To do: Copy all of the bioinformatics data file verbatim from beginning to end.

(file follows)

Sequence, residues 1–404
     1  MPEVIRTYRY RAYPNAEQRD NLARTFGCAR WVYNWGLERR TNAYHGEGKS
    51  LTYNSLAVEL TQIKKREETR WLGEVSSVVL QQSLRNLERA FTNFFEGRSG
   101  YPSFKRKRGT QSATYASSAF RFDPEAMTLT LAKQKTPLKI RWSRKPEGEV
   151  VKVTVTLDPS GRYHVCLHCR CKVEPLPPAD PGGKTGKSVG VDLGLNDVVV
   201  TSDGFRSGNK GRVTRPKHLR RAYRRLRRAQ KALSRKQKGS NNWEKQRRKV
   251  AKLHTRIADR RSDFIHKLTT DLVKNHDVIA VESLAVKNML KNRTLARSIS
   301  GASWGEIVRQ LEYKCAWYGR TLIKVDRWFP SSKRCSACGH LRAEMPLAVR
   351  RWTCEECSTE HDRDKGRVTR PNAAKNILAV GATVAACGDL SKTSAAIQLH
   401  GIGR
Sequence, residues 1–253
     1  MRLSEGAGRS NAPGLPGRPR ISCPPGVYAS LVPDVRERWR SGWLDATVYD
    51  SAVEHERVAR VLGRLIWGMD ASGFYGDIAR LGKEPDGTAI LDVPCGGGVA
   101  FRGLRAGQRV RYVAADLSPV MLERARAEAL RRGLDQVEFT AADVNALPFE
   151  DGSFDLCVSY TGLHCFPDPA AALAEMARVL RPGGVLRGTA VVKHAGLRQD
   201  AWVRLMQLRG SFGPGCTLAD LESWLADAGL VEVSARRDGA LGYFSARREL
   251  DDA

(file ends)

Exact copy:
Sequence, residues 1–404
     1  MPEVIRTYRY RAYPNAEQRD NLARTFGCAR WVYNWGLERR TNAYHGEGKS
    51  LTYNSLAVEL TQIKKREETR WLGEVSSVVL QQSLRNLERA FTNFFEGRSG
   101  YPSFKRKRGT QSATYASSAF RFDPEAMTLT LAKQKTPLKI RWSRKPEGEV
   151  VKVTVTLDPS GRYHVCLHCR CKVEPLPPAD PGGKTGKSVG VDLGLNDVVV
   201  TSDGFRSGNK GRVTRPKHLR RAYRRLRRAQ KALSRKQKGS NNWEKQRRKV
   251  AKLHTRIADR RSDFIHKLTT DLVKNHDVIA VESLAVKNML KNRTLARSIS
   301  GASWGEIVRQ LEYKCAWYGR TLIKVDRWFP SSKRCSACGH LRAEMPLAVR
   351  RWTCEECSTE HDRDKGRVTR PNAAKNILAV GATVAACGDL SKTSAAIQLH
   401  GIGR
Sequence, residues 1–253
     1  MRLSEGAGRS NAPGLPGRPR ISCPPGVYAS LVPDVRERWR SGWLDATVYD
    51  SAVEHERVAR VLGRLIWGMD ASGFYGDIAR LGKEPDGTAI LDVPCGGGVA
   101  FRGLRAGQRV RYVAADLSPV MLERARAEAL RRGLDQVEFT AADVNALPFE
   151  DGSFDLCVSY TGLHCFPDPA AALAEMARVL RPGGVLRGTA VVKHAGLRQD
   201  AWVRLMQLRG SFGPGCTLAD LESWLADAGL VEVSARRDGA LGYFSARREL
   251  DDA